I’ve owned many Canon Rebel DSLR’s over the years, from the XSi (450D) to the T3i. I highly recommend these reliable cameras for beginners looking to take their astrophotography to the next level.
The entire kit cost less than $600 (including the camera body and two lenses), but you can buy the Canon EF 75-300m F/4-5.6 lens on its own brand new for $200.
The Canon EF 75-300mm F/4-5.6 III is a budget camera lens that allows you to shoot at focal lengths of anywhere between 75-300mm.
I’ve covered the astrophotography performance of this lens before, and it continues to impress me. As expected, this lens performs much better at lower f-stops.
I wouldn’t recommend shooting wide-open at F/4 for astrophotography. I’ve found F/6.3 to be a great middle-ground between light-gathering power and star quality.
- Lens Mount: Canon EF
- Focal Length: 75mm-300mm
- Type: Zoom Telephoto
- Focus Method: Extending Front
- Autofocus: Yes
- Image Stabilization: No
- Weight: 480 grams (1.06 lbs)
- Elements: 13
- Groups: 9
- Filter Size: 58 mm
- Lens Coating: Super Spectra Coating
- Type: Zoom
- Maximum Aperture: f/4-5.6
- Specialty Type: Telephoto
If you watched the video I made earlier this year (kit lens challenge), you’ll know that this affordable camera lens exceeded my expectations by a long shot.
The Canon EF 75-300mm F/4-5.6 lens used for my photo.
Shoot Longer with a Star Tracker
I don’t think the average person realizes that it’s possible to photograph nebulae in space that are thousands of light-years away with an ordinary camera and lens.
However, there is one key piece of astrophotography equipment that is critical for a truly amazing shot.
The key to capturing a great photo with a camera lens like this is the star tracker. The star tracker compensates for the rotation of the Earth, and a moving sky.
It’s essentially a smaller version of a motorized equatorial telescope mount, like the heavy-duty ones I use with my larger telescopes.
My camera and lens on a star tracker.
I highly recommend the Sky-Watcher Star Adventurer to anyone looking to purchase their first portable star tracker for astrophotography.
The star tracker allows you to take long-exposure images at long focal lengths (a maximum of 300mm with this lens) without star trailing. For the star tracker to work effectively, you must polar align the axis of the mount to the celestial pole.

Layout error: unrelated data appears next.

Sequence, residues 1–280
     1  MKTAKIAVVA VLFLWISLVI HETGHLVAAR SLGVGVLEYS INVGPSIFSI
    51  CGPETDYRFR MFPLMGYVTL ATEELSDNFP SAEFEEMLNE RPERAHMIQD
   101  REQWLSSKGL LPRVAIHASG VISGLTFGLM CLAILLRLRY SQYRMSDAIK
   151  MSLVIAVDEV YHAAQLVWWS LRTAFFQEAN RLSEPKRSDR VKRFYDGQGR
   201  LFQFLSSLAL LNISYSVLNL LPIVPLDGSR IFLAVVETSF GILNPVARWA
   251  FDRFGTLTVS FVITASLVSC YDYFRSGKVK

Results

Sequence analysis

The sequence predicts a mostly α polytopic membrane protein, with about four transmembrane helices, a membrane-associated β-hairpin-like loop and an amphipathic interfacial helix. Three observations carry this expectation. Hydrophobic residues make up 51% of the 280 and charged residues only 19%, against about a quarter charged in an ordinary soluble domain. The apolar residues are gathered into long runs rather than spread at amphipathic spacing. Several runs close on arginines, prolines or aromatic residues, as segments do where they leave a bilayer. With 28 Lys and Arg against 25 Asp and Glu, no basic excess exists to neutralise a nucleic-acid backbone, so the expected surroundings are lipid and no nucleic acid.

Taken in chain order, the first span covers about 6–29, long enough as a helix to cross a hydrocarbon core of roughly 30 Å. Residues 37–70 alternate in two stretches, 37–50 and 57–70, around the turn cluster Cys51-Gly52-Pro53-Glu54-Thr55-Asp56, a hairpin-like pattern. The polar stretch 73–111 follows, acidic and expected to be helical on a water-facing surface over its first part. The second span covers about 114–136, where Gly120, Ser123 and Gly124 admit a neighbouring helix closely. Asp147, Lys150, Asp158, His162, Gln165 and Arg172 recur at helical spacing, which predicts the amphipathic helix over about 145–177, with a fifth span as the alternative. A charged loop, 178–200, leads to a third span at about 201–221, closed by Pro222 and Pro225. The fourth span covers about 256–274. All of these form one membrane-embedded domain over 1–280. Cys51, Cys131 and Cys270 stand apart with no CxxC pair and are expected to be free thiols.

If you don’t have a star tracker, you can still take images of nebulae like this, but you will be limited to much shorter exposures because the stars will begin to trail after only a few seconds.
Aligning the polar axis of the star tracker with the North Celestial Pole.
When you compensate for the rotation of the Earth, all of a sudden exposure time isn’t a concern anymore.
You are free to experiment with less aggressive ISO settings, lower f-stops, and an exposure length that’s suitable for your tracker’s capabilities.
Star trackers, like the Star Adventurer, require you to manually locate and frame your subject and this can be difficult if your object is small and dim.
Focusing the camera on a bright star using 10X Live-View.
If there aren’t any bright stars in the same field of view as your target, you may need to focus first and then pan over to your intended imaging location. This is quite common when getting set up.
A red dot finder may help you align your camera lens with your subject, and a planetarium app such as Stellarium will help you “star-hop” your way to the general area.
Expect to take several test exposures (15-30-seconds each) before you actually start taking your long-exposure images on your target.
Camera Settings and Advice
At a focal length of 100-200mm, exposure lengths of about 2-3 minutes will provide enough data per shot to produce a great image.
You’ll collect plenty of signal (light) in each shot, without having to crank the ISO up (which can increase noise) and you’re not asking too much out of your little star tracker.